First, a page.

Additional post-translational regulatory mechanisms have been elucidated, which are also capable of contributing to the regulation of IDO activity. This includes the nitration of various IDO tyrosine residues by peroxynitrite, a byproduct of nitric oxide (NO) and superoxide, which has also been shown to dampen IDO enzyme activity in macrophages (23). This is consistent with other findings showing NO to directly inhibit IDO activity by binding to its active site heme moiety (24). Indeed, previous work indicates that the reduction–oxidation status of the cell is capable of modulating activity of the IDO holoenzyme by interfering with the heme biosynthetic pathway (25).

It is clear that there are multiple mechanisms, which may regulate IDO on both the transcriptional and post-translational levels. However, the biological contexts in which these regulatory mechanisms affect IDO activity remain unclear. This is particularly true for the process of carcinogenesis, which occurs in a biochemically altered environment. Several studies have supported an important role for IDO in the generation of an immunotolerant tumor microenvironment that facilitates tumor progression (2628). These findings indicate that the mechanisms utilized by cancers to modulate IDO expression and activity may be central to understanding the highly complex process of carcinogenesis. Here, we discuss recent studies investigating the mechanisms that cancers utilize to manipulate local IDO activity within the immune microenvironment in order to facilitate their metastatic progression.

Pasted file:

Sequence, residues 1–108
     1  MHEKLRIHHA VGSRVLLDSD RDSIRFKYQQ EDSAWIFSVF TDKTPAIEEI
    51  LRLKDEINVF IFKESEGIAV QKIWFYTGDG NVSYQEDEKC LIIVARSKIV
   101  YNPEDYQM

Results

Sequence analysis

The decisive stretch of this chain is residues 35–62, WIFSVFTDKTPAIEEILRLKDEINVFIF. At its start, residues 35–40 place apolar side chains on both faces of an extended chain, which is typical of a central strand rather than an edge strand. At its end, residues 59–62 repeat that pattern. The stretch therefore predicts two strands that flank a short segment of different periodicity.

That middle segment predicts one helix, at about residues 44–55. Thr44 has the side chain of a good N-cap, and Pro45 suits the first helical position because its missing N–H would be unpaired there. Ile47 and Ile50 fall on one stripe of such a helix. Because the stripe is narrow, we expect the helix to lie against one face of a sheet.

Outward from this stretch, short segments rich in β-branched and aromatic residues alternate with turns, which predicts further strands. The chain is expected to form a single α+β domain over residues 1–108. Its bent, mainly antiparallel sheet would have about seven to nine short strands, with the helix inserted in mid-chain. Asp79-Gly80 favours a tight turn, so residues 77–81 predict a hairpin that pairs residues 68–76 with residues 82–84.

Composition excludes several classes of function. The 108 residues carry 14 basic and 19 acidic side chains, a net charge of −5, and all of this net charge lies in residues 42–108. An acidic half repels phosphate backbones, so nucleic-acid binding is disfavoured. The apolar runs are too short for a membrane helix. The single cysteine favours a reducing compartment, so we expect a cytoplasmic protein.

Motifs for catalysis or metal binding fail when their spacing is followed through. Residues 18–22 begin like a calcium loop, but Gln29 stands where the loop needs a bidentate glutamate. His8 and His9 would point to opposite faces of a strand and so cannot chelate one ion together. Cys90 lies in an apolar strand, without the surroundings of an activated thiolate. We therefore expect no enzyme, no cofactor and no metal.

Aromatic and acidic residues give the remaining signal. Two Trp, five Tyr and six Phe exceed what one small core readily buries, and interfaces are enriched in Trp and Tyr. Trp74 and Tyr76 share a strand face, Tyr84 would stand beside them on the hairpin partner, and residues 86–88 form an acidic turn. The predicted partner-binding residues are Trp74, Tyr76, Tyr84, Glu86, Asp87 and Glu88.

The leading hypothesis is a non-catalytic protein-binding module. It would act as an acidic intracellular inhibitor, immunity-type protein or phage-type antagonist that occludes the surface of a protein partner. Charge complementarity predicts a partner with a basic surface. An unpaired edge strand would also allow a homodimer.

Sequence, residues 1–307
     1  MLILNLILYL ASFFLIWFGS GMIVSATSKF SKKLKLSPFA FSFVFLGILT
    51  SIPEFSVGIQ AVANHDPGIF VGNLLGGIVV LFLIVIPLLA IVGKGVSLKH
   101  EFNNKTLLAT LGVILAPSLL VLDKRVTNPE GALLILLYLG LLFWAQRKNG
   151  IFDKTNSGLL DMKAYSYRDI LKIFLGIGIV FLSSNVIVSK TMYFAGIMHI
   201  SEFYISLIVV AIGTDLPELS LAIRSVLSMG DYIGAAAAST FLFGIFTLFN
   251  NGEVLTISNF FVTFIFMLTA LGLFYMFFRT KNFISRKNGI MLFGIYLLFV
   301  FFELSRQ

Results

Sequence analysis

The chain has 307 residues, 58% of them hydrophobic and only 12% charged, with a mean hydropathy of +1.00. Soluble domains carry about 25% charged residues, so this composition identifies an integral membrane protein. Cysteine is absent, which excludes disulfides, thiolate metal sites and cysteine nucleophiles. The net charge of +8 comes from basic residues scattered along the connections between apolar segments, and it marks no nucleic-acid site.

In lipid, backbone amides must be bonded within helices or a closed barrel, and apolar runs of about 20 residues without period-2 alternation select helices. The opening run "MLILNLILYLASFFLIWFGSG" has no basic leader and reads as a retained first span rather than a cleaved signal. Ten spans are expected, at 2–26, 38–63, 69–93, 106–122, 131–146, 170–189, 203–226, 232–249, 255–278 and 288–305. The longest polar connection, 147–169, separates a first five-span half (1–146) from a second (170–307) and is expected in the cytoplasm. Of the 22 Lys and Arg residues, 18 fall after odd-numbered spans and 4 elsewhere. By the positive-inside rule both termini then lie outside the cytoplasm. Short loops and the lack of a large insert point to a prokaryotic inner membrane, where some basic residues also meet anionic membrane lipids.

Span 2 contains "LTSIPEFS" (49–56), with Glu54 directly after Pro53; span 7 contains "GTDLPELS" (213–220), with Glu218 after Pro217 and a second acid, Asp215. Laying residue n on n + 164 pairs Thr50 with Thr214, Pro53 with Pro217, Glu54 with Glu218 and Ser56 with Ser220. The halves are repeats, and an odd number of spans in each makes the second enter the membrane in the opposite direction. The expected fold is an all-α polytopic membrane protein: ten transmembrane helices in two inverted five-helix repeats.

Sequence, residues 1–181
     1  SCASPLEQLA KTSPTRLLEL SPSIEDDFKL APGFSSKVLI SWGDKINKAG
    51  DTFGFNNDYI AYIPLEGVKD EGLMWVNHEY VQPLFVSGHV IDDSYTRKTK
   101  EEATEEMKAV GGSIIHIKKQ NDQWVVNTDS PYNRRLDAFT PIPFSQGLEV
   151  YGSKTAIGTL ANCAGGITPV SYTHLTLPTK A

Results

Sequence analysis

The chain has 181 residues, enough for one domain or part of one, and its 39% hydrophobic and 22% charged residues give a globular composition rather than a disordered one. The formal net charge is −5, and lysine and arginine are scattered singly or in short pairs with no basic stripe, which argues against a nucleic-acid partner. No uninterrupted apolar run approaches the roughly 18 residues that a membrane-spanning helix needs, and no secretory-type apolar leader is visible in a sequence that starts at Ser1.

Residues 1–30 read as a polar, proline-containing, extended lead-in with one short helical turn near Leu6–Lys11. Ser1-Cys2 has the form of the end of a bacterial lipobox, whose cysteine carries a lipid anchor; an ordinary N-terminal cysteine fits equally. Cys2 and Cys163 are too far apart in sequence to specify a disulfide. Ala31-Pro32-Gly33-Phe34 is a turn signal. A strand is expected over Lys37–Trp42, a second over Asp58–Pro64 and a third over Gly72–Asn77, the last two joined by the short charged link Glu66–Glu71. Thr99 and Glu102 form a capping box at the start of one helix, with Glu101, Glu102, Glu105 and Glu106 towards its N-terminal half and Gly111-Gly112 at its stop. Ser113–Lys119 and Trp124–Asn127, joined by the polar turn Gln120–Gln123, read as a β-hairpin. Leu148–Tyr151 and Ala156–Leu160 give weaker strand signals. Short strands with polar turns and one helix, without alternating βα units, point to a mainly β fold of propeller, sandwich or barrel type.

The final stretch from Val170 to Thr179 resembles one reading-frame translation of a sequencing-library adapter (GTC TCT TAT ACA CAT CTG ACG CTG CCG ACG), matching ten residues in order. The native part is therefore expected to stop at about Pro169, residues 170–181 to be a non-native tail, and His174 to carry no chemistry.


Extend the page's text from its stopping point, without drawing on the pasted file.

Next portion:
Tumor-Mediated Regulation of Intrinsic IDO1 Expression

The expression of IDO by many cancer types has been correlated with inferior progression-free and overall survival (29). However, the regulation of IDO expression by malignant tissues has been poorly understood. In 2005, the first mechanism by which several solid tumors can regulate the intrinsic expression of IDO was described. This work focused on the BAR adapter-encoding gene BIN-1, a tumor suppressor previously found to be downregulated in several transformed cell lines and demonstrated to suppress the transformational activity of MYC by interacting with its N-terminus (30). Subsequent studies revealed BIN-1 to interfere with malignant transformation utilizing several mechanisms beyond the suppression of MYC activity and additional work showed BIN-1 to play the role of a tumor suppressor in several cancer types including melanoma, breast cancer, colon cancer, and prostate cancer (3133). After noting that BIN-1 seemed to suppress the development of a transformed epithelial tumor model via an immune-dependent mechanism, Muller and colleagues noted that the deletion of Bin-1 significantly enhanced the IFN-γ-mediated upregulation of IDO expression by tumor cells (34). Indeed, the observed enhancement in tumor growth following Bin-1 deletion was reversed in the presence of the 1-methyltryptophan (1-MT) IDO inhibitor only in the setting of an intact immune system. These authors concluded that BIN-1 was capable of modulating IDO expression by regulating the STAT1 and NFκB signaling pathways that have been previously implicated in promoting the transcription of Indo, the IDO encoding gene (Figure 2A). This represented the initial study linking IDO regulation to an intrinsic tumor suppressor pathway by showing that the loss of Bin1 tumor expression contributes to tumorigenesis by driving cellular proliferation while simultaneously concealing itself from detection and destruction by the host immune system. This work prompted us to conjecture that early phases of tumor initiation and growth will often require the evolution of multifunctional genes, which regulate both cell division and/or survival, as well as elements of the local immune microenvironment.

FIGURE 2